LIG's plant closures to cost 1,000 British jobs: Durex maker's net assets to vanish
The condoms and film processing group, which has debts of at least pounds 154m, also admitted that its current restructuring, which includes the disposal of its troubled photoprocessing arm as well as the closure of a number of manufacturing plants, would virtually wipe out its pounds 112m of net assets.
It acknowledged this would mean it would need a refinancing, but said that the timing, and whether it would involve a rights issue, would not be decided until the outcome of its attempts to sell its non-core businesses was known.
But Nick Hodges, chief executive, insisted the company was not in breach of its loan covenants and had the support of its bankers.
The UK redundancies stem from the closure of two plants - Chingford, with the loss of 600 jobs, and Llanelli, where there will be 240 redundancies.
A further 60 jobs will be lost at the group's health and beauty aids plant at Dundee and around 100 will go at the London head office. But the company gave no sign of where the 1,000 job losses would bite in its plants worldwide.
The closures mean that none of LIG's condoms, including the Durex brand - it has a 75 per cent market share here - will be manufactured in the UK.
Mr Hodges said condoms sold in the UK would now come from the group's Italian and Spanish plants, where investment in automation made production costs much lower.
Many of LIG's problems are traceable to its ColourCare photoprocessing business, which processes film for companies such as Boots, but which has been badly hit by the recession and competition.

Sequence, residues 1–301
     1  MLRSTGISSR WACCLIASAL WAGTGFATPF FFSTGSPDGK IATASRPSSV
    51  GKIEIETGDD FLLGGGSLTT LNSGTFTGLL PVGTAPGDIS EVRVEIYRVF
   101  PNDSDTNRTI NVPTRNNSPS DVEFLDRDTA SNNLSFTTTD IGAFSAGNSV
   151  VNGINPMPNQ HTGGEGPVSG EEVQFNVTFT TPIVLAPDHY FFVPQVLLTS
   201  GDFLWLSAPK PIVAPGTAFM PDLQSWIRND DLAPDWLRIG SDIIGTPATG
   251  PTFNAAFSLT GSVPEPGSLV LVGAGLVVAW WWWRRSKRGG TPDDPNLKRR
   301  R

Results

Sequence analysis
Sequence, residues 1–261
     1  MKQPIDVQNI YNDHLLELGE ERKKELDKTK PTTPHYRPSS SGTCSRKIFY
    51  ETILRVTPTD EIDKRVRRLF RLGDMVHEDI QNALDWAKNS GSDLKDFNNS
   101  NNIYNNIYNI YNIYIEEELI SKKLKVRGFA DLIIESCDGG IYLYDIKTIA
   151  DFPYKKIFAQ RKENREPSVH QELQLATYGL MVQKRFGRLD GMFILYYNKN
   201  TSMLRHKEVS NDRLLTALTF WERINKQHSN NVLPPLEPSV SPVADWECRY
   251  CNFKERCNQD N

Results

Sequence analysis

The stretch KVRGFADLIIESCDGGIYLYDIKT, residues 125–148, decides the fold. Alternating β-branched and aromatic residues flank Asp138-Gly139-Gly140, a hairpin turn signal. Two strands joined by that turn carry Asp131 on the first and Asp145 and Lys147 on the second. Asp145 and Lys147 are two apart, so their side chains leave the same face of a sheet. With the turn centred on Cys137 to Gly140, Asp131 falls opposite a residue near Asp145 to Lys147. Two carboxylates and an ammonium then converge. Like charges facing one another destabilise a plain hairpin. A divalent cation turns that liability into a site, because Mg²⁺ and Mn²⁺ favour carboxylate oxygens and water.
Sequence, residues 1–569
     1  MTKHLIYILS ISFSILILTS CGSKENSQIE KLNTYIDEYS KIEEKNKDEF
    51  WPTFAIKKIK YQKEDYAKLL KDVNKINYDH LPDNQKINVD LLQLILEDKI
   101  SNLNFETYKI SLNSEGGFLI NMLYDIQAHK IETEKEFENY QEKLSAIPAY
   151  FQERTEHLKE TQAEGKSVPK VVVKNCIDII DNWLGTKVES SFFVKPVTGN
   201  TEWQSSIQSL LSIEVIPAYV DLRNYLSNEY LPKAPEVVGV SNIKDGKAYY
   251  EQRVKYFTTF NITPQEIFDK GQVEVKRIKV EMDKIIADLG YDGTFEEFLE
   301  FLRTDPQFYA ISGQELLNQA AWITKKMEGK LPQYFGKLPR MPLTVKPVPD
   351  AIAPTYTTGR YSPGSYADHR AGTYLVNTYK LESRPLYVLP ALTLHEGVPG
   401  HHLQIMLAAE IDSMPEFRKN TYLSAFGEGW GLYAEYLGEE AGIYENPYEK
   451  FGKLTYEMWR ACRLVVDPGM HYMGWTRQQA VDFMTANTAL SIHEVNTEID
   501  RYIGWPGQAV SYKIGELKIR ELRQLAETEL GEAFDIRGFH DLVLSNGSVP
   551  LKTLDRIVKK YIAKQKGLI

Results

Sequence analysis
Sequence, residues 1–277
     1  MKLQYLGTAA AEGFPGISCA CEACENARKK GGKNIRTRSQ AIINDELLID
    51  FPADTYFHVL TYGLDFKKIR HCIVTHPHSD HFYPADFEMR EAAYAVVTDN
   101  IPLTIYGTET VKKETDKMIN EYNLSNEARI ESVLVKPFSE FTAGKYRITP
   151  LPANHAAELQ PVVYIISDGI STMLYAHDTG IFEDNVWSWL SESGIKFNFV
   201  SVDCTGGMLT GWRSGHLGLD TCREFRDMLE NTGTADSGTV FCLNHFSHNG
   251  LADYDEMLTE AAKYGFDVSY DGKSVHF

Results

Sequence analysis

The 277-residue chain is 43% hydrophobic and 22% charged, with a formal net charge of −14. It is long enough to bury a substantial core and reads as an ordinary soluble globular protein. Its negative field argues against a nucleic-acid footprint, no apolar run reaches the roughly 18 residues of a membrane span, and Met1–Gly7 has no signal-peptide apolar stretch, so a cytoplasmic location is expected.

This year photoprocessing is expected to lose around pounds 15m, wiping out trading profits from condoms, gloves and health care.
Mr Hodges declined to be drawn on whether progress had yet been made on a sale of the photoprocessing arm, but he promised a statement in June to coincide with the the release of the full-year results to March.
The photoprocessing businesses shows no signs of improving. However, the company indicated a substantial pick-up in operating profits from the healthcare business in the second half, but these were still 'considerably reduced' compared with the same period in the previous year.
Some non-core activities and brands have been sold. A contract has been signed with the Pfizer subsidiary, Unicliffe, for the sale of the UK cough medicines Buttercup, Galloway's and Liquafruta for around pounds 11m. The assets had a net book value of pounds 500,000 and made annual profits of pounds 700,000.
The company is also in talks on the sale of other over-the-counter brands such as Wright's soap, Eucryl toothpowder and Goddard's embrocation oil.
It is pinning its hopes in future on its core businesses of condoms and surgical and household gloves, and says the world branded condom market, in which it has a 22 per cent share, is continuing to grow at 2 to 3 per cent a year.
The company said that Michael Moore, chairman of Tomkins, would take over as chairman from Alan Woltz, who is retiring. The shares fell 8p to 121p.
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